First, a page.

People prone to depression may struggle to organize information about guilt and blame in the brain, new neuroimaging research suggests. Crushing guilt is a common symptom of depression, an observation that dates back to Sigmund Freud. Now, a new study finds a communication breakdown between two guilt-associated brain regions in people who have had depression. This so-called "decoupling" of the regions may be why depressed people take small faux pas as evidence that they are complete failures. "If brain areas don't communicate well, that would explain why you have the tendency to blame yourself for everything and not be able to tie that into specifics," study researcher Roland Zahn, a neruoscientist at the University of Manchester in the United Kingdom, told LiveScience...
Continue Reading

Ron Paul on The Real Costs Of War

Ron Paul PeaceRon Paul writes on the Daily Bell:

This month Veterans Affairs Secretary Eric K. Shinseki announced the addition of some 1,900 mental health nurses, psychiatrists, psychologists and social workers to its existing workforce of 20,590 mental health staff in attempt to get a handle on the epidemic of suicides among combat veterans. Unfortunately, when presidents misuse our military on an unprecedented scale – and Congress lets them get away with it – the resulting stress causes military suicides to increase dramatically, both among active duty and retired service members. In fact, military deaths from suicide far outnumber combat deaths. According to an article in the Air Force Times this month, suicides among airmen are up 40 percent over last year.

Considering the multiple deployments service members are forced to endure as the war in Afghanistan stretches into its second decade, these figures are sadly unsurprising.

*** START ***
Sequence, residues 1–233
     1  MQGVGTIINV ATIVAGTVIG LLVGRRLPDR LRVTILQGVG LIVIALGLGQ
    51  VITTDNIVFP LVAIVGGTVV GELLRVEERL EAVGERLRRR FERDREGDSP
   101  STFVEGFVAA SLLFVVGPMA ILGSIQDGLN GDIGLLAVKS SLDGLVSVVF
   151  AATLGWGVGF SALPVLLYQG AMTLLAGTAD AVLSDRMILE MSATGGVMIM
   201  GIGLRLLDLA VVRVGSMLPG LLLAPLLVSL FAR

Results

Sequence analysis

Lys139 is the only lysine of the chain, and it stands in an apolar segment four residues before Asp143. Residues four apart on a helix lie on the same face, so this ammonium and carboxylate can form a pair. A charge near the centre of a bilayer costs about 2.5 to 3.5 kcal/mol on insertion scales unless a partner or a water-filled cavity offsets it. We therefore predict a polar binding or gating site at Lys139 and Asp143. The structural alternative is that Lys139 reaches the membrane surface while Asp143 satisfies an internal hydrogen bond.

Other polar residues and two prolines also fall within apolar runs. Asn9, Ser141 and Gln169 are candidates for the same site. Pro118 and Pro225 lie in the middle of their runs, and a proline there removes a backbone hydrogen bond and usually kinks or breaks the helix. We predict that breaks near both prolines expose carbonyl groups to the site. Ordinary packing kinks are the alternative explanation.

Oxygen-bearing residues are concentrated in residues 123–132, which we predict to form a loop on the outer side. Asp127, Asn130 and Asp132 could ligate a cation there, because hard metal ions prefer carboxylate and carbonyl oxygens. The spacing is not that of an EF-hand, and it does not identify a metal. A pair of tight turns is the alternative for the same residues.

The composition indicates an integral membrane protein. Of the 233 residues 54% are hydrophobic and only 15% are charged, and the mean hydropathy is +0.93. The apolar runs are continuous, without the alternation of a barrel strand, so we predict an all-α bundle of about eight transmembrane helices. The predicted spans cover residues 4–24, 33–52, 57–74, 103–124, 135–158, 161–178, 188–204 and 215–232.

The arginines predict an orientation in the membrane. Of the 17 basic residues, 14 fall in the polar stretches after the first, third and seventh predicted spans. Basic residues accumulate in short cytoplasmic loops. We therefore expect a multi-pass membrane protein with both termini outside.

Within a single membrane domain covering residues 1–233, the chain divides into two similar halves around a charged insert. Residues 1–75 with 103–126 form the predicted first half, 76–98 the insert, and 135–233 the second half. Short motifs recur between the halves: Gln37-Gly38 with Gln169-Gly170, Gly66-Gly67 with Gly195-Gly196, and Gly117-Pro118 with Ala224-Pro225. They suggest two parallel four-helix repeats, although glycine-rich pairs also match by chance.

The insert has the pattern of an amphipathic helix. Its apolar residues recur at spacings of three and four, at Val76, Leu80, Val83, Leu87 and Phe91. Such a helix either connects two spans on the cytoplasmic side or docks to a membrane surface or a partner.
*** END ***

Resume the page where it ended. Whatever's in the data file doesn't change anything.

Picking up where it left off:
Ironically, the same VA Secretary Eric Shinseki was forced to retire from the Army by President Bush for daring to suggest that an invasion and occupation of Iraq would not be the cakewalk that neoconservatives promised.

Read the rest
Continue Reading

Is War Porn A Natural By-Product of War?

Lynndie EnglandJoanna Schroeder wonders whether war porn is deviant, or a natural by-product of teaching young people to kill, on the Good Men Project:

The nation was shocked when we learned of more supposed bad behavior by US troops overseas, in the form of posing with the bodies of dead enemy combatants. This isn’t shocking news though, is it? It’s been happening since the beginning of this war, and as far as we know, as long as war has been happening, in one form or the other.

In a fascinating Salon.com piece, former infantry soldier and combat veteran John Rico an insider’s perspective on the function of so-called war porn, and wonders what it is about society that makes us so shocked to learn that young people who’ve been trained to fight and kill since they were 18 years old have reveled in the death of their enemies:

I have to say that I find all the political and polite posturing to be quite amusing.

Read the rest
Continue Reading

Talking to Yourself Makes You Smarter

Taxi DriverJamie Condliffe writes on Gizmodo:

Talking to yourself is the preserve of mad men, right? Not according to a new study, which reveals that the seemingly irrational act of chatting to oneself actually improves cognitive function.

The research, carried out by Gary Lupyan and Daniel Swingley, was inspired the pair’s experiences of seeing people audibly muttering to themselves when trying to find items on supermarket shelves. To test whether speaking to oneself was actually beneficial, Lupyan and Swingley devised a set of experiments.